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Body Mass Index (BMI): What It Is, And How To Calculate Yours
Body Mass Index (BMI) is a tool that indicates if your weight is in a healthy range. By taking your weight and comparing it with your height, you can get a good indication of whether you’re in a healthy weight range
The Australian Government Department of Health lists five categories of weight ranges in BMI1:
- Underweight – a BMI less than 18.5
- Healthy – a BMI between 18.5 and 24.9
- Overweight – a BMI between 25 and 29.9
- Obese – a BMI greater than 30
How to you calculate your BMI
To check your BMI2, first, you need to measure your height and weight. Using a good quality, reliable scale, weigh yourself wearing as little clothing as possible. Then, measure your height using a tape measure.
The Australian Government Department of Health suggests using a tape measure attached to a straight wall, with the base at floor level. Then you should have someone else write down your height, by placing a flat ruler parallel to the top of your head 2.
The BMI formula
If you’d like to calculate your BMI the old fashioned way, the mathematical formula is:
Body Mass Index = weight (kg) ÷ height (㎡)
So, for example, let’s check the BMI of a person 1.7 metres tall and weighing 65 kilos.
With a BMI of 22.49, this person is within the healthy weight range.
Does BMI change for men and women?
No, the formula for calculating BMI for men and women is the same. Gender plays no part in the calculations, neither does your age or ethnicity. For these reasons, your BMI doesn’t give a complete review of your current health.
What is a healthy BMI?
According to the Australian government, a healthy BMI is between 18.5 and 24.91. Typically, for any height, there is a 10-12 kilo safe range you can rank between and still be considered a healthy BMI.
For example, using our 1.7 metre tall person weighing 65 kilos, they can weigh between 53.5 and 72 kilos. So, there is a broad weight range you can fall into and still be considered a healthy weight. This allows for most genetic variations in body composition and type.
How can you improve your BMI?
If your BMI puts you in the overweight or obese category, there are several steps you can take to improve your lifestyle and create healthy habits. The Australian Government Department of Health suggests a program that includes:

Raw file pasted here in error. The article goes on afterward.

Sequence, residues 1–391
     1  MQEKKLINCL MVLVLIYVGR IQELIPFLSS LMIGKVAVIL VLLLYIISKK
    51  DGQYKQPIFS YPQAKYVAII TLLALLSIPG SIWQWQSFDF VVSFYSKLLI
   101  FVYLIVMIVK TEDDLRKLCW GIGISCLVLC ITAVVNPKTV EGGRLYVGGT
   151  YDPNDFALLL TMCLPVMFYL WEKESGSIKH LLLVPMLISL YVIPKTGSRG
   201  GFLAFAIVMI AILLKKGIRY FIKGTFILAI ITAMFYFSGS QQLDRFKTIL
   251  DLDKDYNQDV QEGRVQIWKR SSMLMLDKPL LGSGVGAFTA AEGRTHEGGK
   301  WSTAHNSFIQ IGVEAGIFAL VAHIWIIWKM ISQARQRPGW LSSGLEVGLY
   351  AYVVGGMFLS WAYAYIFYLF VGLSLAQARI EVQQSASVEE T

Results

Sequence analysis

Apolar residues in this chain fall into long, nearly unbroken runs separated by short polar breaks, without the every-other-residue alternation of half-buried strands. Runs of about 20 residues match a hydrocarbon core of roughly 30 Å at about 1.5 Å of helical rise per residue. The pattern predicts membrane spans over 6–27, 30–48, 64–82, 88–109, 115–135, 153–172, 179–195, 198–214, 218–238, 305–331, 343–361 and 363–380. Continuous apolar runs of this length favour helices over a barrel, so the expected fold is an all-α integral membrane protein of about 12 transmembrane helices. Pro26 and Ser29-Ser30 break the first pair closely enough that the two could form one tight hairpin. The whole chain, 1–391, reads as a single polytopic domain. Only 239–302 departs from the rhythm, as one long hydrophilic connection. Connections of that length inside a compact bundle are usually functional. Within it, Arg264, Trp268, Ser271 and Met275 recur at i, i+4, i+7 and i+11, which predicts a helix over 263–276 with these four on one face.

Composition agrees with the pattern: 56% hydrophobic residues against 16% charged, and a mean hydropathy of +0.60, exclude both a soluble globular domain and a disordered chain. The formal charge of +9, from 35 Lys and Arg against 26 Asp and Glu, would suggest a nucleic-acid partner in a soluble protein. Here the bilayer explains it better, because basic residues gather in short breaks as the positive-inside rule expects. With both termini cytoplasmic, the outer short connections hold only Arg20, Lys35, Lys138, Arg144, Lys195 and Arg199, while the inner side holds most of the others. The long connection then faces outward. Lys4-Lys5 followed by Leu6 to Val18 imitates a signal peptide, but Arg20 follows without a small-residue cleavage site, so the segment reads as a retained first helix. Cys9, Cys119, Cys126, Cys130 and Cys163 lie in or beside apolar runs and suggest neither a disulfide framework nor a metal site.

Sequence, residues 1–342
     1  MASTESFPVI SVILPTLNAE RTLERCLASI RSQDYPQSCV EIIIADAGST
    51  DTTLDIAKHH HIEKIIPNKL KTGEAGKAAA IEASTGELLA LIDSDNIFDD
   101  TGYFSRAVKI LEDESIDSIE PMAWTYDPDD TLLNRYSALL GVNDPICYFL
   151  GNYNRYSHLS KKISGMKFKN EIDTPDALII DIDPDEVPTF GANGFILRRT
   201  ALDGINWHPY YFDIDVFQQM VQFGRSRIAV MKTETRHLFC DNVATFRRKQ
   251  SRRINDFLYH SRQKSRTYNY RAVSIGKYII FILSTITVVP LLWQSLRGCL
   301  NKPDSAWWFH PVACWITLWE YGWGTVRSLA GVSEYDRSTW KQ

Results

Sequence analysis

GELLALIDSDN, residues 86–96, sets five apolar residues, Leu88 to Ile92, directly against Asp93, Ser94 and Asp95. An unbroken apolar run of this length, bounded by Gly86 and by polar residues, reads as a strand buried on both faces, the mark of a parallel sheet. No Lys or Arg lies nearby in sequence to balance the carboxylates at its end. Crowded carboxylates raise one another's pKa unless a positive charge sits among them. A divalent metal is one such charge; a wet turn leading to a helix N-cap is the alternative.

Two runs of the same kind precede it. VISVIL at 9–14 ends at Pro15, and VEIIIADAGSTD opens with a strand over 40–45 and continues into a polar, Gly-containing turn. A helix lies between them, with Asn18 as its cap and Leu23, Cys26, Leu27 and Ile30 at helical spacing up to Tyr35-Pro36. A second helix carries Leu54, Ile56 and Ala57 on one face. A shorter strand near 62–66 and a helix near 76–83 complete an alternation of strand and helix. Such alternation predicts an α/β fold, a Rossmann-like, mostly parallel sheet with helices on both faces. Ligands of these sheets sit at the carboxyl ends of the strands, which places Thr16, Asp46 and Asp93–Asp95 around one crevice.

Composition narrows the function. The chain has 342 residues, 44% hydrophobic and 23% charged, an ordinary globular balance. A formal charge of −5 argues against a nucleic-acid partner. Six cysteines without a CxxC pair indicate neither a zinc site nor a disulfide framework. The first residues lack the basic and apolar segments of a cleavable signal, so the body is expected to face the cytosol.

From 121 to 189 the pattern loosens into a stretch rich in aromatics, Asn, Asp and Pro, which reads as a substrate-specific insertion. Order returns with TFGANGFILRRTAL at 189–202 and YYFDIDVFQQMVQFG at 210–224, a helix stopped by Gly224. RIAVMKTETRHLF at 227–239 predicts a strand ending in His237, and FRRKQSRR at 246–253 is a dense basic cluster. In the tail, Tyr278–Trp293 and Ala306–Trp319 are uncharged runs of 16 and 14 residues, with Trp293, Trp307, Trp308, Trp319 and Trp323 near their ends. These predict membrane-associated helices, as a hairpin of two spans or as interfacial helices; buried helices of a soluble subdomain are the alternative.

- Planning for success
- Eating well
- Getting active
- Tailoring a program to your needs
- Using free tools, like these meal and fitness planners
Shifting your habits to create a new lifestyle can be difficult, but there is plenty of help and support available3. With patience and perseverance, you can do it!
If you’re underweight and need to gain weight to improve your BMI, start by visiting the HealthyWeight.health.gov.au website which has plenty of resources for people needing to gain weight4.
If you have any questions or concerns about your weight, or your BMI, consult your doctor. Any lifestyle changes you decide to undertake based on your BMI should be done under medical supervision.
Waist measurement and your BMI
Another good way to determine whether you’re at a healthy weight is to measure your waist circumference.
The Australian Government Department of Health says that:
“Waist circumference is a better predictor than BMI of type 2 diabetes in women and of cardiovascular disease.1”
So, it’s a good idea to consider your waist circumference as well as your BMI, in order to get a good picture of your overall health.
The Australian Government Department of Health also has some gender specific guidelines:4
- For men: a waist circumference of 94 centimetres or more indicates an increased risk of chronic disease, and a measurement of 102 centimetres or more indicates a higher increased risk of chronic disease.
- For women: a waist circumference of 80 centimetres or more indicates an increased risk of chronic disease, and a measurement of 88 centimetres or more indicates a higher increased risk of chronic disease.
If your waist circumference puts you at risk, it’s a good idea to talk to your doctor about a potential plan for improving your health.
Factors that may affect your BMI
While BMI is a very useful tool, it’s not a perfect, and is only part of determining the state of your overall health.
The Australian Government Department of Health says that the healthy BMI range can be:
- Lower for people of Asian background
- Higher for those of Polynesian origin
- Higher for older people
- Higher for elite athletes with higher than normal levels of lean body tissue
BMI is also not an accurate indicator of health in pregnant women or children1.
Want to compare health insurance?
Maintaining a healthy BMI is an important part of keeping your health in check. But unfortunately, unexpected events can occur in your life that may require medical treatment by a medical physician, and in a hospital. At iSelect, we can help you find a health insurance policy for your needs, comparing policies side by side from our range of providers.
Start comparing policies online today, or call us on 13 19 20.
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